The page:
LITTLE BAY, Westmoreland – Keron King, the principal of the Little Bay All-Age School in Westmoreland, is being lauded for devising a plan to deliver work-sheets to his students, utilising a motorbike, in the wake of the closure of schools islandwide due to the COVID-19 pandemic.
Government ordered schools closed on March 13, three days after the country recorded its first confirmed case of the coronavirus, as part of efforts to contain the spread of the highly infectious disease.
“It feels good to know that my principal is travelling around to give out worksheets and other stuff like that to keep us working because not all of us have access to the Internet where we can go on online platforms to study,” stated Sasheena Johnson, a grade 6 student, who attends the school nestled in the deep-rural community of Little Bay.
Sasheena’s mother, Kaedia Ellis- Johnson, who is also the Parent-Teacher Association (PTA) president, said parents are appreciative of the principal’s efforts.
“We are appreciative of it because he creates an impact on our kids’ lives during this pandemic,” said Johnson-Ellis, adding that “it is doing well for my child because she is getting on so fine.”
“Whenever she gets something on the paper that she doesn’t understand, she will call her class teacher who will explain,” she told the Jamaica Observer West.
Rhonia Clayton, the grandmother of Tara Clayton, another student at Little Bay All-Age, shared similar sentiments.
“Mr King is doing a very good thing for the community and every one of us around the community loves him very much. So, we would like him to keep on doing what he is doing,” she Clayton.
Following the closure of schools islandwide, King and his staff immediately devised a plan to deliver school work directly to students.
King noted that while grades three to six students are able to access and do work utilising an EduFocal digital platform, which was launched in November, there are challenges with mobile and Internet connection.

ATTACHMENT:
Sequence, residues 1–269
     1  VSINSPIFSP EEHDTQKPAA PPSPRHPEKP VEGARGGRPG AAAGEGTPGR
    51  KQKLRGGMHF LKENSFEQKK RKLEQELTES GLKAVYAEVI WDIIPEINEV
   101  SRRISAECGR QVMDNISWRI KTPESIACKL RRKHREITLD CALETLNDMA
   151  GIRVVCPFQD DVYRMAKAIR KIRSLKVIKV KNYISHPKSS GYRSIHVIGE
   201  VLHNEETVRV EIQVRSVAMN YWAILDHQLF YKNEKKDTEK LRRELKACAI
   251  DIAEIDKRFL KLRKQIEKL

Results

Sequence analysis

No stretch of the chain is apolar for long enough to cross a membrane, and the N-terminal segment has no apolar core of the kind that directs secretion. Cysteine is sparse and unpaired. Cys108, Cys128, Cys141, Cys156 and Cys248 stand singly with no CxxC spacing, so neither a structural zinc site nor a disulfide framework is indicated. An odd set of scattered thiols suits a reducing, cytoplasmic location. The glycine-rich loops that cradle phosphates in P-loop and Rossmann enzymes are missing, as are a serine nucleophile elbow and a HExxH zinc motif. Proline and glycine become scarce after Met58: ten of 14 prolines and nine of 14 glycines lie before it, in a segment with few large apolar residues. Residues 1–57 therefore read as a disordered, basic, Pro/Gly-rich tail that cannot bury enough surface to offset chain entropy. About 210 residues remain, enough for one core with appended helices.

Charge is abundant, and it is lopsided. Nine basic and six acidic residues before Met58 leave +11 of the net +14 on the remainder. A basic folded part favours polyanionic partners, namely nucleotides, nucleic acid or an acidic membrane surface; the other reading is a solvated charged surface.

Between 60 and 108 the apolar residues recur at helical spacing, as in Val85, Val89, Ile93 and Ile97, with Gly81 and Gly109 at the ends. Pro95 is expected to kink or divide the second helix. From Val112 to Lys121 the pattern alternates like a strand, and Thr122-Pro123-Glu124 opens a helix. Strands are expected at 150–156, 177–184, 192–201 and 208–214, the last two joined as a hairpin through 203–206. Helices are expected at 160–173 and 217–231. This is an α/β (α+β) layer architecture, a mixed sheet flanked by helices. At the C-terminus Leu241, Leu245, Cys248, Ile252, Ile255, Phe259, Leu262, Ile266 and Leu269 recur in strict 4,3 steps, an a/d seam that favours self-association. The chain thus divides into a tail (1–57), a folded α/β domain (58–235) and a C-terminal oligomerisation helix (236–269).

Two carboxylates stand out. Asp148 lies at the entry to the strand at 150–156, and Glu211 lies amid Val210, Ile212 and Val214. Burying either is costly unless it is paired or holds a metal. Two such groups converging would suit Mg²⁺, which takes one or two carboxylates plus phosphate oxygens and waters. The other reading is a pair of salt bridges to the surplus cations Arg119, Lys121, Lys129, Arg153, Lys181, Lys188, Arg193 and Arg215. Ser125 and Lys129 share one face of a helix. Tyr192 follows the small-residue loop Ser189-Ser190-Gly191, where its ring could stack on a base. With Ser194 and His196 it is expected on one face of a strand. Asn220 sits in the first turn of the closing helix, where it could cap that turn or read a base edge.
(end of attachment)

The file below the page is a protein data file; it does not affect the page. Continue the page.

In order to ensure that there is equity in the system and all students are accounted for, work is delivered physically by bike taxis, which are the dominant mode of transportation in the community of Little Bay, and its environs.
“The truth is, we do have connection issues within the communities,” King stressed, adding that “so, we try to ensure that if we can’t get the material to them electronically, then we have to get to them in a quaint way.”
“We may not have the technological resources. So, of course, we have to use whatever resources that we have to advance the cause of education to ensure results. For us, we don’t necessarily want the children to regress. So, once school reopens, we want to ensure that everybody is on board and teaching and learning can continue from where we left off,” King argued.
He noted that while most people may utilise Zoom meetings, his school is left with no other option than to utilise conference calls “where a teacher makes a two-way connection with another and that second party repeats the process. The chaining process continues until all staff members are on the line.”
Under the system implemented by the principal, teachers would prepare and send the worksheets to him. He would then take them to the Ministry of Education, Youth and Information Region Four office in Montego Bay, St James, where the materials are printed and later taken back to the school, where they are sorted, labelled and ready for delivery to students via bike taxis.